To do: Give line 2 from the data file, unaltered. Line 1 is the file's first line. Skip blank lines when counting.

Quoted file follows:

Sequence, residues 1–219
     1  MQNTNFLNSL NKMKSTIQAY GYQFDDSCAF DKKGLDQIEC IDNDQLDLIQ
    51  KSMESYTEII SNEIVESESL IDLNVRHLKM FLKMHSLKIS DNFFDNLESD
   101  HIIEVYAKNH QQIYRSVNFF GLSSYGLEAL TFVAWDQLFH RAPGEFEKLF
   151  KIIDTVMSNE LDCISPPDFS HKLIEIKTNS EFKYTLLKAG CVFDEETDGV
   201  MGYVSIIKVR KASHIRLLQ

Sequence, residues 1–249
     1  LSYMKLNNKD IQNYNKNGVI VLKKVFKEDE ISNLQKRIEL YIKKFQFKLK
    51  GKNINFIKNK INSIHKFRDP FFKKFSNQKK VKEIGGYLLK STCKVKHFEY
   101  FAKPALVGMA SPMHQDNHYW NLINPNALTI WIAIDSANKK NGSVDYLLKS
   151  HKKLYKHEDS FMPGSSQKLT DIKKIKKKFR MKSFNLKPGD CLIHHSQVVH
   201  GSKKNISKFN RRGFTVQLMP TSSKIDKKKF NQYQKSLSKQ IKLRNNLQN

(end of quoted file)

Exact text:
     1  MQNTNFLNSL NKMKSTIQAY GYQFDDSCAF DKKGLDQIEC IDNDQLDLIQ